I like appropriation in the visual arts. For me it’s an amusing way into contemporary art when artists of our day reflect on old masters. I know something about old masters so for me it’s like a puzzle to be solved as to what it could all mean when a composition is duplicated in another medium. Because that’s when I am especially thrilled – when the medium changes. This is what I am talking about:
In this case Cindy Sherman obviously plays on gender – a woman posing as a man, but the gender issue also refers to Caravaggio’s homosexuality since the Bacchus is a self-portrait. Sherman might even be referring to the rising AIDS epidemic at the time by choosing to appropriate the sick Bacchus and not Caravaggio’s other and healthier Bacchus from c. 1597 as one writer suggests. And you could go on.
It is not unusual to see political aspects in appropriation. One of my favorite examples is British-Nigerian artist Yinka Shonibare’s photographic series reflecting on Francisco Goya’s famous print The Sleep of Reason Produces Monsters from c. 1797, which is an emblem of the Enlightenment with its sleeping artist who dreams up creatures of the night when his reason isn’t looking. Terrible and also terribly interesting.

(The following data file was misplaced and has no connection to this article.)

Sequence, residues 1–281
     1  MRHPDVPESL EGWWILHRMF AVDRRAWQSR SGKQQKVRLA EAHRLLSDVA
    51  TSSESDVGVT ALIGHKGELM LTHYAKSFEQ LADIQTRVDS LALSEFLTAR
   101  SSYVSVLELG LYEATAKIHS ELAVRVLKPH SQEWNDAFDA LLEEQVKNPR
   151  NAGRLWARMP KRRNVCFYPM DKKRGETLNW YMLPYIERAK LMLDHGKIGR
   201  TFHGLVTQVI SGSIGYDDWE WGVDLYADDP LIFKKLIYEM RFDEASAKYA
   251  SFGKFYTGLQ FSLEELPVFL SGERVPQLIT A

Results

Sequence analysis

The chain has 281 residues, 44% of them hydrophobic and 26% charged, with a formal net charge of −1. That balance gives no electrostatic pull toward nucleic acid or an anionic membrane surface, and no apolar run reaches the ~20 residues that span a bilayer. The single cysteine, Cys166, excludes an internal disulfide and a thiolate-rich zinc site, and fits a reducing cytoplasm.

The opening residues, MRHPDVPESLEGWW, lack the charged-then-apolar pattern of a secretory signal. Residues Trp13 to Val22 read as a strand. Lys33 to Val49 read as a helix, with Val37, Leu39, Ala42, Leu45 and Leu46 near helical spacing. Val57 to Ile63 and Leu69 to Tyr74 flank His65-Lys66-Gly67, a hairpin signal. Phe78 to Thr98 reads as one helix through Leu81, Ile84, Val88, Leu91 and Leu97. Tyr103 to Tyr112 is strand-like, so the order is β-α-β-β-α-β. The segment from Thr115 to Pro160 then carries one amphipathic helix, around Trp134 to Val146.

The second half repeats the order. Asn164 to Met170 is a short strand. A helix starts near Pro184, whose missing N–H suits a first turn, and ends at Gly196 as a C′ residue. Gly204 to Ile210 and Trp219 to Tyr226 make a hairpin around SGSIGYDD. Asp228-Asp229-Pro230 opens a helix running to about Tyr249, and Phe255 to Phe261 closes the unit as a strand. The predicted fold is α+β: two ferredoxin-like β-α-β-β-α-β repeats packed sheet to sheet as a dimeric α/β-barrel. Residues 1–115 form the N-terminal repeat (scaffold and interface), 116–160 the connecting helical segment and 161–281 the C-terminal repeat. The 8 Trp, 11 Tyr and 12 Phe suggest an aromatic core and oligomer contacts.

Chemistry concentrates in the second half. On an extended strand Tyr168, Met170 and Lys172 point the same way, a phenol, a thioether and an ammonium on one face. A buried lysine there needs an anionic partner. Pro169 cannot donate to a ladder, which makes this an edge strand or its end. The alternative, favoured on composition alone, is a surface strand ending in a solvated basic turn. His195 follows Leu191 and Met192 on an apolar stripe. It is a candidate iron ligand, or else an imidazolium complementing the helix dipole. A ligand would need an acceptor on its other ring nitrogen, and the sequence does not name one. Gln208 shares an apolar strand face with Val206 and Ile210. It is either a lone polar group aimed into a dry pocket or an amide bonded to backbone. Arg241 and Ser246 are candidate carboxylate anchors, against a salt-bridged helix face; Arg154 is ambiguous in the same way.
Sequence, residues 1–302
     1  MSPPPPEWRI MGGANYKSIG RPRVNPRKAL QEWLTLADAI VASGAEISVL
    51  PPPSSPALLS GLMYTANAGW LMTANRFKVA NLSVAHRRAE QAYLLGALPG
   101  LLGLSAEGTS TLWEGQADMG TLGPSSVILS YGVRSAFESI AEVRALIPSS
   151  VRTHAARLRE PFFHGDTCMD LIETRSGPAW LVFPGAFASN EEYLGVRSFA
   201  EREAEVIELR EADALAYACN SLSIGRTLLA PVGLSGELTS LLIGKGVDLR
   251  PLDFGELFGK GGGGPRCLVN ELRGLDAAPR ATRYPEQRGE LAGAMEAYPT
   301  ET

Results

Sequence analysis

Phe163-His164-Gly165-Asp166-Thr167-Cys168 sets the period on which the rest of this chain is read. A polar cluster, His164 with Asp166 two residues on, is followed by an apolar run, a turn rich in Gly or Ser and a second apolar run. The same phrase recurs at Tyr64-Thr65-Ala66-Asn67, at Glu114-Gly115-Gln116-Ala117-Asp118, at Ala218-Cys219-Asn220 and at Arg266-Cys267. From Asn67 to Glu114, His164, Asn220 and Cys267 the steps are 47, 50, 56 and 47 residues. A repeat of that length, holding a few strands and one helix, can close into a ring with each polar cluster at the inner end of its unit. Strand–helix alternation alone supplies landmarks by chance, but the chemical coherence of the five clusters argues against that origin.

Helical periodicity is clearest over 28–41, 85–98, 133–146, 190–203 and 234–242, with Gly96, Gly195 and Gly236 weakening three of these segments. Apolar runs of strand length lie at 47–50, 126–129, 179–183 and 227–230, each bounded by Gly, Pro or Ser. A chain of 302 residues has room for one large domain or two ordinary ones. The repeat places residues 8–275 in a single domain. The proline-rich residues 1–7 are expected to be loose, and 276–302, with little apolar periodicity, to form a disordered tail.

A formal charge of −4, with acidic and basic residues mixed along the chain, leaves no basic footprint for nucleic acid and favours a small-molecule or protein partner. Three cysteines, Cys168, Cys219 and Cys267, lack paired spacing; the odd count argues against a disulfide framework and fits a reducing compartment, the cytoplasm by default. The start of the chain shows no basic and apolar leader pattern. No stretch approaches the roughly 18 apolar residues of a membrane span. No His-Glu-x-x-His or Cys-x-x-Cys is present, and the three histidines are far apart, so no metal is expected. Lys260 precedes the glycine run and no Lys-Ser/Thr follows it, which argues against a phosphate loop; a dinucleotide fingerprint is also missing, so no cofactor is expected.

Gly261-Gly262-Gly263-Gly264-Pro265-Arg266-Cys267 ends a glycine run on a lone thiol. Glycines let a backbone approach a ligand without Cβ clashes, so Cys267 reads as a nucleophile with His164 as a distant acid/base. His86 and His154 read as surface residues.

Shonibare made five photos based on this image each of them referring to a continent such as this:
Obviously he changed the meaning by adding “Africa” and a question mark to the sentence and thus concretizes the words. Will the sleep of reason produce monsters in Africa? Or has it already? For centuries perhaps? When you add that the sleeping person is wearing a suit made out of typically African fabrics while being himself a white man questions of race, colonialism and globalism become urgent. By using an icon of European art Shonibare brings together different ages and underscores a very sad point about the world not learning from history. Wars, hatred, unreason, greed, fear will always overwhelm us when we let our reason rest too long.
One last example also deals with the state of our world while also being just fascinating. Here you have French artist Bernard Pras’s take on the famous Hokusai print of the great wave off Kanagawa:
And the original from the 1820s:
Pras builds up a three dimensional installation out of modern objects like rubber gloves, plastic spoons and plugs and let them form a devastating wave of consumerism. Political – oh yes, but as I said also just simply fascinating when you take a closer look at the craft it took to make this art work.
So yes, I am a fan of quotes, appropriations and comments on the art of the old masters when done as intelligently as Sherman, Shonibare and Pras do it. It definitely has something – and more than just being parodic though I also enjoy the tongue in cheek-ness of many appropriational art works.